Leffers said the two particular Marine and Army units performing tests represent the JLTV’s primary customers.
«It’s a joint vehicle», he said. «We used the Marines, who picked the company they thought would use the JLTV on a frequent basis. And, for the Army, the Recon Troop was perfect because of the number of JLTVs we wanted to test in a variety of missions that we project the JLTV might be operating under».
Operationally realistic scenarios allowed the test unit Marines and Soldiers to tell the Department of Defense how well the system supports their mission execution.
For the Marines, live fire and helicopter sling load operations, as well as a Marine Amphibious Landing mission at Camp Pendleton, California were added to testing.
One combined anti-armor team section leader Marine who has been deployed to Iraq twice, said training during JLTV testing was beneficial.
«In terms of everything we did specific to Twentynine Palms and the combat center here – all of the scenarios – we’re pretty much experts at», said Marine Sergeant McLennan S. Janes. «That’s all we do. That’s our bread and butter, in terms of movement to contact and conducting deliberate attacks, defense in-depths, and conducting raids and clearances. The things exclusive to JLTV testing included the amphibious landings and sling loads by helicopter that we never get to do».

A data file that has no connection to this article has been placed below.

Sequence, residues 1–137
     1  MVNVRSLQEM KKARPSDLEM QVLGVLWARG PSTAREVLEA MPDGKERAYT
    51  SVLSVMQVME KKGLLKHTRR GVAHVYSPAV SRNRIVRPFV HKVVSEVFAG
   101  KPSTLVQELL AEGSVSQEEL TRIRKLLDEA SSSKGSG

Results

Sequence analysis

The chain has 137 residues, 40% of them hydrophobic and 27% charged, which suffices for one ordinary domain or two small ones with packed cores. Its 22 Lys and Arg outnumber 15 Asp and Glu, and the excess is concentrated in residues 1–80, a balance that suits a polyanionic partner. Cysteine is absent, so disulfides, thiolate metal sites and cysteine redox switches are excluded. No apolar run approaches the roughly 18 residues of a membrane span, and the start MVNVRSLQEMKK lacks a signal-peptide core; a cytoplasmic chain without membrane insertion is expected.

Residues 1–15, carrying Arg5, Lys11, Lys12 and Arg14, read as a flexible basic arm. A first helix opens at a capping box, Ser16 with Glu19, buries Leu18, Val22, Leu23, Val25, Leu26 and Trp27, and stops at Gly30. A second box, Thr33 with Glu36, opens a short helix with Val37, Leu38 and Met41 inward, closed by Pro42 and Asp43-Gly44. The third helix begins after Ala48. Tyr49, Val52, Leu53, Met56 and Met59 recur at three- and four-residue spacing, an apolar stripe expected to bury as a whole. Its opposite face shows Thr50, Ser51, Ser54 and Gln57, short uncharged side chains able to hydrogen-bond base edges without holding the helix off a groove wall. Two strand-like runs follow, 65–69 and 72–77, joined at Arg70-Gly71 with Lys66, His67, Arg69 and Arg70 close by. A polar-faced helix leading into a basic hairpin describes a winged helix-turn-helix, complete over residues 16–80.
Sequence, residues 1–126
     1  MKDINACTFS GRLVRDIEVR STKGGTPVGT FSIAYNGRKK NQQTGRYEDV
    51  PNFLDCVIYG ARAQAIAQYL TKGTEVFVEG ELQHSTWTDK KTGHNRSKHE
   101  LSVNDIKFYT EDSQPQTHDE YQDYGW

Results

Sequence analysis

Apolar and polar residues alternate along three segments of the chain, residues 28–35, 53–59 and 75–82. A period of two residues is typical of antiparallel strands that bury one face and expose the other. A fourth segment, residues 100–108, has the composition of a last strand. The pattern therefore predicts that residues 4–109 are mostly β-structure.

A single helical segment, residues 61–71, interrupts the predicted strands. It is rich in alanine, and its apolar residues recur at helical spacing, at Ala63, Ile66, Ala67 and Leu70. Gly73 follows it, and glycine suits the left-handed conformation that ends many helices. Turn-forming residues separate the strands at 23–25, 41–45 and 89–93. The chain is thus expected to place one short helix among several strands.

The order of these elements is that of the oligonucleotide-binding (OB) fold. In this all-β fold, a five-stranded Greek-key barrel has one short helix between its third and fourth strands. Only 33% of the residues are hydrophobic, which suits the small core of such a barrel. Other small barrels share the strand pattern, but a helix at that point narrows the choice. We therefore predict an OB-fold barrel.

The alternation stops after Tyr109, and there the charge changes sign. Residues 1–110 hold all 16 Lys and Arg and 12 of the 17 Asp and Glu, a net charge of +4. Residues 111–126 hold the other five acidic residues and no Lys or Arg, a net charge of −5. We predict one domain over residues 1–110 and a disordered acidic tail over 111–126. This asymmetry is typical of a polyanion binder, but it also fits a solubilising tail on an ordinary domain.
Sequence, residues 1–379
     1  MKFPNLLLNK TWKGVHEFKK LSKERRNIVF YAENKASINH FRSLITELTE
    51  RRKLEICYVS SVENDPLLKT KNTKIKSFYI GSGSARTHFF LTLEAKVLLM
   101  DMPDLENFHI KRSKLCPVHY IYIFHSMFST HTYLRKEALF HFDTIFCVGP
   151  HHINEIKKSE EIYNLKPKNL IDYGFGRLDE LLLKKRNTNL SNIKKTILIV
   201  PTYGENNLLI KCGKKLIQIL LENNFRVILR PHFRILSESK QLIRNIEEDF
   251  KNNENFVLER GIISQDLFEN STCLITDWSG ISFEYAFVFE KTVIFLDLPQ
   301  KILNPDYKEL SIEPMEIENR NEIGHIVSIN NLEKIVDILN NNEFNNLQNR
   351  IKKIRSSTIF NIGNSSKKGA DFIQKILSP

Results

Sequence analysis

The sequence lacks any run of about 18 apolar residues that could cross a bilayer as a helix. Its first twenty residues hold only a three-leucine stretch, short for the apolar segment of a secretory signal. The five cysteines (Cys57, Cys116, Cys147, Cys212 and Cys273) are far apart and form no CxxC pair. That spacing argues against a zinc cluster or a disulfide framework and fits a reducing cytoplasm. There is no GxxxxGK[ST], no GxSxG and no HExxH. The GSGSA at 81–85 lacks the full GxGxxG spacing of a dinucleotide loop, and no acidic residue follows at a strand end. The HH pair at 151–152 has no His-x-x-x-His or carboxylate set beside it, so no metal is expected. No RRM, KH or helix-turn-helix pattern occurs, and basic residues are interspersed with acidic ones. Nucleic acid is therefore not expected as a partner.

The 101st Airborne Division Soldiers from Fort Campbell, Kentucky compared the MCAGCC terrain and size to much smaller training areas at their home station.
«It’s not very often my Troop gets to go out anywhere for an extended period of time and train mounted tactics, especially in this kind of terrain», said Captain Michael D. Rodriguez, Bravo Troop commander. «It’s just not what’s at Fort Campbell».
Rodriguez said a Mounted Cavalry Troop is required to spread out over distances up to 15 kilometers and be able to shoot, move and communicate.
«The main thing we can’t get at Campbell that we can get out here is the ability to do our mission over a great distance», he said. We’ve been doing long movements, we’ve been doing missions at distance, and we’ve been identifying enemy outside of our weapons range, which is ideal for what we want to do as Scouts – we want to identify the enemy outside of weapons range and use indirect fire instead of direct fire to disrupt their ability to operate. At Fort Campbell, we come right up on our pretend enemy and get into a direct engagement with them. That’s good training, but it helps to be out here for my Soldiers to be able to see how big the battlespace is that we are required to cover as a Mounted Troop».
Rodriguez also said he welcomed the opportunity to be involved in an operational test without the normal distractions at home station.
«I was able to look at all of my Soldiers and say, ‘Hey, your job is scouting for the next two months.’ That’s pretty valuable», he said.
One of Rodriguez’s platoon leaders said the training experience during the JLTV test will go a long way for him and his Soldiers.
«Traversing in new terrain which is unfamiliar is just like being on a deployment and it’s a good experience for all of us», said First Lieutenant Mike D. Towery. «Now, we have this knowledge base of what it’s like to maneuver in a desert environment, which will most likely be coming up for us, so now we have that experience in our back pocket. We now know the best way to maneuver these vehicles, and especially for myself, I will know how to maneuver a platoon in this type of desert environment».